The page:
“Not really,” she replies. “Because that’s how things are when things are rough – when you have nothing left but the ability to laugh and to see the absurdity of often dreadful circumstances and see the darkest humour in things.”
She stresses that anyone who has lived on an estate will know that there is as much laughter and love as there is difficulty. “I was very aware that I wanted to capture that though so I’m so happy you saw that in the story,” she adds.
Hudson explains that she did not consciously set out to fight the under-representation of working class women in fiction. “It was however absolutely my intention to write about what it is like growing up as a working-class woman in contemporary Britain, and for that reason I tried to be as unflinching and honest as I possibly could.”
She adds that since the book has been published, she has been thrilled by how many women have contacted her to say that they had similar childhood experiences.
One of the most striking things about Tony Hogan is its unique literary style, especially the dialogue, which is written in a blunt Scottish dialect. Was it difficult for Hudson to keep it consistent, given that she doesn’t actually have an Aberdeen accent herself?
“I’ve a bit of mongrel accent as I picked something up in every place we lived!” She says, and explains that before she started the novel she generated a list of words and rules that would be used in dialect and then applied them, “just as I would any writing rule.”
“It was fun but also I so wanted to capture the almost poetic sound of that rough language, the rawness of it and its music and so writing in dialect was the only way to do that really.”
Food is also used to great affect in this novel to anchor the story in a particular time and place. Hudson has spoken before about food as an important thematic device in fiction, and even wrote a guest post for Untitled Books on her Top Ten Books With Food.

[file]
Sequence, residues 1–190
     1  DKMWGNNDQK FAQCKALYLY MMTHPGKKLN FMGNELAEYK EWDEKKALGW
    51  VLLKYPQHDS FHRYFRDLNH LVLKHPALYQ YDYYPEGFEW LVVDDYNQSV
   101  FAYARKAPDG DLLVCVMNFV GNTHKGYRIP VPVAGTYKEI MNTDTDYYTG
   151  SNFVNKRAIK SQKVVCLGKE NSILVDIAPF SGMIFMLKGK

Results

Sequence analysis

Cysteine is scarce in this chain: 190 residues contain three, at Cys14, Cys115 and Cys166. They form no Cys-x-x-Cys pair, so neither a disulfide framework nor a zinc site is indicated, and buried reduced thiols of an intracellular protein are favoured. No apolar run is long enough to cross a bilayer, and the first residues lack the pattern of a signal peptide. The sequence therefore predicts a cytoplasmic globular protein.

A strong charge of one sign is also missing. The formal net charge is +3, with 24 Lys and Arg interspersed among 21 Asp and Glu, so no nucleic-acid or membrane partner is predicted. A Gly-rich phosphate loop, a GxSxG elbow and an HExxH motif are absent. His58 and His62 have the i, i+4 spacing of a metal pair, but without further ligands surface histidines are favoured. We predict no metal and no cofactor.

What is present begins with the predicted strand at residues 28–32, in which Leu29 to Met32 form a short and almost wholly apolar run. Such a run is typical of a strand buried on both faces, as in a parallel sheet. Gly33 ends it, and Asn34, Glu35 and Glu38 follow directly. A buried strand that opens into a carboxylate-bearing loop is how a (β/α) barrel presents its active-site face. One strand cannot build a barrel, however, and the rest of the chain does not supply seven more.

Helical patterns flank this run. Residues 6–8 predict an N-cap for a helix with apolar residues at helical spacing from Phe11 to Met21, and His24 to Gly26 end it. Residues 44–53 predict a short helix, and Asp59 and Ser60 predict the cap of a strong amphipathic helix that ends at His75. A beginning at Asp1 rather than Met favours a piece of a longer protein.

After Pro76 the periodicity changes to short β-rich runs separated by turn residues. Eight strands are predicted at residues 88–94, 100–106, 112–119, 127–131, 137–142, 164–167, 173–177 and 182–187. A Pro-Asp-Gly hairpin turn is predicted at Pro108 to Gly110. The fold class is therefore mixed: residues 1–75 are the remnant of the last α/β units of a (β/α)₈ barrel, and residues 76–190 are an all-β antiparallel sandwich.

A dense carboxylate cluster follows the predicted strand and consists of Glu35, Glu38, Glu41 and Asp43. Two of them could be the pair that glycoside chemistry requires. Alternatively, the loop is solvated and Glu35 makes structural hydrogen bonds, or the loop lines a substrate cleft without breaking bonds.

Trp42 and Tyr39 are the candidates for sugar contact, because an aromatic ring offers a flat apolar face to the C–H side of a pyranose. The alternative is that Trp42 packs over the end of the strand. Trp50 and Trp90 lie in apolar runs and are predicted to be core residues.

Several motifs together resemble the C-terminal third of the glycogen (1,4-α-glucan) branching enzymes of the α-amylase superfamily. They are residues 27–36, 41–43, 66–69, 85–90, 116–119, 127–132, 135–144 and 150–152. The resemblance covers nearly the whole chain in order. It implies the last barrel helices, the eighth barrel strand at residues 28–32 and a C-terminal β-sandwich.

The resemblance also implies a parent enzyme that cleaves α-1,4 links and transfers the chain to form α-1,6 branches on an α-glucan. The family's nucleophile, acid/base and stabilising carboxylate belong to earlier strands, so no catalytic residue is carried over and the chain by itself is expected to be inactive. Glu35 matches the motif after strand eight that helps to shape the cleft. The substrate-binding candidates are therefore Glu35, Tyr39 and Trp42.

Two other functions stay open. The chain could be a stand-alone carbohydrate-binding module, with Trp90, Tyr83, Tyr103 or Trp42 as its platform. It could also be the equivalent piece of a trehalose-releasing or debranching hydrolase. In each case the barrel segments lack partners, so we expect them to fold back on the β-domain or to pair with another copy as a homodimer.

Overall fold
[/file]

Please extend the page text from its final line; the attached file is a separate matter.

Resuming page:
“[I] absolutely love food to an obsessive level and that probably shows when reading Tony Hogan I feel that what we eat, how we eat it, what our interactions are with food (or lack of it) say so much about us as a society and then also reveal a lot on a very personal level.”
She admits that despite being an adequate cook, at this time in her life she is mostly surviving on apples, toast and coffee, but concludes; “I can say with certainty that my writing will always be full of food.”
The last chapter of Tony Hogan sees Janie entering a new stage in her life, and the novel suggestively ends with the phrase ‘The Beginning’. Does Hudson have plans to revisit these characters for a sequel?
“Janie, Iris and Tiny are with me even when I’m writing other things and so it seems likely that I’ll write about the characters again in some way even if it’s not a sequel novel,” she replies.
Hudson has also spoken about plans to adapt Tony Hogan in to a play, and reveals that this is still very much on the table. “I still really want to write the stage play of Tony Hogan… with a combination of spoken word and Aberdonian folk thrown into the mix I think it could be magic.”
However, at the moment Hudson is being kept busy developing her second novel, Thirst, with support from The National Lottery and Arts Council England. She received a grant from them, which enabled her to travel to Russia as research for Thirst, as well as the time to complete a first draft of the novel.
“When I applied I didn’t think I had a chance but the Arts Council England really want to promote and further new artists and so now I always tell people it’s always worth spending time on putting in a strong application and then crossing your fingers,” she says.
Hudson reveals that Thirst will be the story of “a fragile love affair between a down on his luck security guard and a young, trafficked woman from Russia; it’s set between Hackney and Siberia – amazingly, the two locations complement each other perfectly!”